Posts Tagged ‘New York’

Y Water Takes Manhattan

Monday, January 11th, 2010

When great design inspires healthy living, there’s not much more we
can ask for. Y Water’s perfect union combines a cool and kid-friendly,
100% recyclable bottle with removable, biodegradable labeling and
a flavored, vitamin- and mineral-rich, low-sugar, organic beverage.
Once empty, the container becomes a toy that kids can link to other
bottles through biodegradable, connectable rubber “Y knots,” letting
them create spaceships, animals, robots, or whatever else their
imaginations can dream up. When all is said and done, parents can
log onto www.ywater.us and receive a free mailer to send the bottle
back for recycling.

The cheery Y-shape inspired the drink’s name, a playful riff on two
of the most commonly asked kiddie questions: “Why?” and “Why
not?” As Y-Water designer Yves Béhar says, “The brand, the bottle,
the graphics, the name … everything is one, connected by the idea
of giving a smarter, healthier and much more fun experience. The
category is so bland, so un-original … but kids are open-minded to
new and creative things, and that is what we wanted to give them.”

To read my full review for Clear Magazine, click here.

Absolutely Stefan

Wednesday, August 19th, 2009

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above: images from Stefan Sagmeister’s 2008 book, “Things I’ve learned in my life so far”

Absolut Vodka‘s ads are immediately recognizable, and over the years, their campaigns have become truly iconic. However, the company’s newest tv ad campaign, produced by  TBWA/Chiat/Day, is a bit too similar to another icon’s work for my liking.

While beautiful, the ad’s imagery and tagline (“Doing something differently leads to something exceptional.”) are incredibly similar in look and concept to graphic design star Stefan Sagmeister‘s  2008 “Things I have learned in my life so far.” A successful design book and exhibit at Deitch gallery in NY, “Things I have learned in my life so far” was inspired by a list of life lessons Sagmeister jotted down while on sabbatical the year before, and then spelled out using creative environmental typographic tools – everything from hangers to body paint, furniture to food, lightboxes to giant, white inflatable monkeys.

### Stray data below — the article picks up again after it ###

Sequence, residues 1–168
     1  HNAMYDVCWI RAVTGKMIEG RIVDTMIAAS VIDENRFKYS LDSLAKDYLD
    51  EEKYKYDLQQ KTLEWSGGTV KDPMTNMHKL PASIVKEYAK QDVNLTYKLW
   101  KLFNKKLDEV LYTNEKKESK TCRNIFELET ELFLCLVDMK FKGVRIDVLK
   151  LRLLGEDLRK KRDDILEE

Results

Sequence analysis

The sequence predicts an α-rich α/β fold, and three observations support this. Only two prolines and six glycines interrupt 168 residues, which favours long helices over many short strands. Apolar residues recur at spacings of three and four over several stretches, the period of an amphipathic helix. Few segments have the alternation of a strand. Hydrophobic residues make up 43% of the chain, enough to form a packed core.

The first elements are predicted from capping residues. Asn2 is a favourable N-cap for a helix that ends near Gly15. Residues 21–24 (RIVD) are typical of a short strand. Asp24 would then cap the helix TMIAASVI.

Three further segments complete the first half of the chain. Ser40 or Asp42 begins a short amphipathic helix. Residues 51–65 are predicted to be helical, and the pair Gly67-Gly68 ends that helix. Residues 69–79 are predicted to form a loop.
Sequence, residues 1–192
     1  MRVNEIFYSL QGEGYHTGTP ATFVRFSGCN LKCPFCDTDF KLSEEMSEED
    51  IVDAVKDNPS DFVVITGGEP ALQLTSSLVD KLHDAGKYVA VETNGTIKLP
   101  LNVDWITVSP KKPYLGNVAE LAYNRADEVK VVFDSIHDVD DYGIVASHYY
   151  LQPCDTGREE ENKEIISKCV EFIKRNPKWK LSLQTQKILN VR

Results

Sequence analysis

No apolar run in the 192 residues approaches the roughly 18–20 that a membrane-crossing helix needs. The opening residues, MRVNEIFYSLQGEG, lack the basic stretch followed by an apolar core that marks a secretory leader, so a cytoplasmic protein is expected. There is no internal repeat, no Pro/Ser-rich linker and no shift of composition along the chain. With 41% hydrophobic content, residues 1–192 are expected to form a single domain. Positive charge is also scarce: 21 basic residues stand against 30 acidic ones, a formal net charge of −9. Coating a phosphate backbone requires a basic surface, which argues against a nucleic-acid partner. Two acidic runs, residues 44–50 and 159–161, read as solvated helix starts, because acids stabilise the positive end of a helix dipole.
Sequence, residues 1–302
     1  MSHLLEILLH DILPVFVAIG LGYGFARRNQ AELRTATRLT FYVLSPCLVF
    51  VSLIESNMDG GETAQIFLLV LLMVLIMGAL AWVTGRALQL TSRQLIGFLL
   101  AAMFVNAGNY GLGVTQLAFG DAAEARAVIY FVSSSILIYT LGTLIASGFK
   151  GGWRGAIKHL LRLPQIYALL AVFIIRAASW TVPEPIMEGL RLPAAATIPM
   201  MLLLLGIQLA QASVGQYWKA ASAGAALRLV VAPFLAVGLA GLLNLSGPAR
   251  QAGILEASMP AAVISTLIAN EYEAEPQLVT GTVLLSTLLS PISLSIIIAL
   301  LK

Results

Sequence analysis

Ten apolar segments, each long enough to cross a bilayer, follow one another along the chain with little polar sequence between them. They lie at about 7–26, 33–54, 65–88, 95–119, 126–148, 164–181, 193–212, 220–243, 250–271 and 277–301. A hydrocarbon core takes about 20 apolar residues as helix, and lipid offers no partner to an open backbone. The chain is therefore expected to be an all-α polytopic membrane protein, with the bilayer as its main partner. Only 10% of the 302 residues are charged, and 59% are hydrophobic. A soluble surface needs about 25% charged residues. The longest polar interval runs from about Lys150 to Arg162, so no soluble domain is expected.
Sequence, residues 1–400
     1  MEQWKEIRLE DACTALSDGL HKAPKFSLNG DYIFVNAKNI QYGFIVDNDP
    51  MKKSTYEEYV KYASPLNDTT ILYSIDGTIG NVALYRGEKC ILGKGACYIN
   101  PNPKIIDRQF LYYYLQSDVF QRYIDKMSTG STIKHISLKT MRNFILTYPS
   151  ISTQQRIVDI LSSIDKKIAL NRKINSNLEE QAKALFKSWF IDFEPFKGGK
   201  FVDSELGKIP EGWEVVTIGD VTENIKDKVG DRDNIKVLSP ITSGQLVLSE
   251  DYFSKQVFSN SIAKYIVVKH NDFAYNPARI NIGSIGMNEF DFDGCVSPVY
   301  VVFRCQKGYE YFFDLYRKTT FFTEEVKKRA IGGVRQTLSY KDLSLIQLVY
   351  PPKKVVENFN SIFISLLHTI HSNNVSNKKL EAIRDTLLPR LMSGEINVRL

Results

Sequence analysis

I interviewed Sagmeister in 2008 right after the book came out for Graphis. Just this week, I had the pleasure of interviewing Sagmeister again for the upcoming fall issue of Clear Magazine. He returns to NY from his latest sabbatical year (in Bali) in September, and told me that when approached for this tv spot, he declined to work with the firm, as he’d committed to only personal design work over the year, and wasn’t taking any new client work.

Take a look for yourself below. And check out my interview with Stefan Sagmeister for Graphis by visiting my Writing Samples page or clicking here: The Art of Introspection.

Fashion District Surfs into Summer

Tuesday, July 7th, 2009
"Surf into Summer" by Mitchell Schorr

"Surf into Summer" by Mitchell Schorr

"Surf into Summer" by Mitchell Schorr

"Surf into Summer" by Mitchell Schorr

This July, the Fashion Center Business Improvement District (BID) displays Surf into Summer, a new series by artist Mitchell Schorr. A native New Yorker, Schorr is probably best known for his colorful murals (often placed in public spaces) and for a style and content consistently inspired by city life. Drawing from everyday scenes, Schorr’s work is energetic and vibrant, revealing a real sense of movement and love of color.